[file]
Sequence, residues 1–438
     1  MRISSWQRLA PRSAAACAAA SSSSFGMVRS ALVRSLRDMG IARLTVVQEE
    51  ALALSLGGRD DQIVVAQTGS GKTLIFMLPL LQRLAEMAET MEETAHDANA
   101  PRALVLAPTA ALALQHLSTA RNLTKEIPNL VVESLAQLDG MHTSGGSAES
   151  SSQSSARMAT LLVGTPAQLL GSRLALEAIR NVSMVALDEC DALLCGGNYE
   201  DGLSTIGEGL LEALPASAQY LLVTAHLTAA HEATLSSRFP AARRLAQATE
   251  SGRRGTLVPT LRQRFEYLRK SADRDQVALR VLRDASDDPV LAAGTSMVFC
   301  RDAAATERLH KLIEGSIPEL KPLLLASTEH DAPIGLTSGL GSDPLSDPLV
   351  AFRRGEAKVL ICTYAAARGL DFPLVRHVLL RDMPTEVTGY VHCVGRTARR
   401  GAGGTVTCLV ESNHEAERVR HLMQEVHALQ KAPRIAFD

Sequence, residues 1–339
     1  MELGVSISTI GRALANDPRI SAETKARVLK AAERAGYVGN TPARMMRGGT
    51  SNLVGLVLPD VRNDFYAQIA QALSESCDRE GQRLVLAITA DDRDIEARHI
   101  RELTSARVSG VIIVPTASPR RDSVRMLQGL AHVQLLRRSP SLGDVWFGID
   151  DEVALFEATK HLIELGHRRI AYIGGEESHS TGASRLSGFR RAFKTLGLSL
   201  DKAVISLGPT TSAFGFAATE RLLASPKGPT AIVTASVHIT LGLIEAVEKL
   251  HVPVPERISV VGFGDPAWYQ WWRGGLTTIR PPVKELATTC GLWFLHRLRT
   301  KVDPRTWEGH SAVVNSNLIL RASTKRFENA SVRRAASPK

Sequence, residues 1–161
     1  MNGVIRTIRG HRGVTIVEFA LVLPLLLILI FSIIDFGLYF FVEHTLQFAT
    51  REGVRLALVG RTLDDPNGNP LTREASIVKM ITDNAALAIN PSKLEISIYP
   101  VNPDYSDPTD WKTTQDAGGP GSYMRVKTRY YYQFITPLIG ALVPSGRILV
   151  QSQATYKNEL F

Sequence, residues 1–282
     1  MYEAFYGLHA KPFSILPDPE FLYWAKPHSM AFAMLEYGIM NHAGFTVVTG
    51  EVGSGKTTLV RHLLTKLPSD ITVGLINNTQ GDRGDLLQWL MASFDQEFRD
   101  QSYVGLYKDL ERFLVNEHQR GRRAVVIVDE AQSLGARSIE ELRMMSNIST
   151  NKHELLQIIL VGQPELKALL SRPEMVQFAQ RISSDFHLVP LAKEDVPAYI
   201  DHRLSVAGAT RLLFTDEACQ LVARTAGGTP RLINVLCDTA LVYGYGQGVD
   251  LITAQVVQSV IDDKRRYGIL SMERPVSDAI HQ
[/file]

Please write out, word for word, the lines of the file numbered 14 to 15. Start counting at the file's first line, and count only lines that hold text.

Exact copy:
   101  RELTSARVSG VIIVPTASPR RDSVRMLQGL AHVQLLRRSP SLGDVWFGID
   151  DEVALFEATK HLIELGHRRI AYIGGEESHS TGASRLSGFR RAFKTLGLSL